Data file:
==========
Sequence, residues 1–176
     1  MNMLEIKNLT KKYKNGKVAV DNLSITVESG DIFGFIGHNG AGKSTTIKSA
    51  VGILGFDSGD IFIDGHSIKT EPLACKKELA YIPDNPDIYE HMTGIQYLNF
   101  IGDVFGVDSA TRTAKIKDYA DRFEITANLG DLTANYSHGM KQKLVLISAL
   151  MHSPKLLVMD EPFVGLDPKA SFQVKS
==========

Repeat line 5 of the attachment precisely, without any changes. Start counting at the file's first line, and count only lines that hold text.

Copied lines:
   151  MHSPKLLVMD EPFVGLDPKA SFQVKS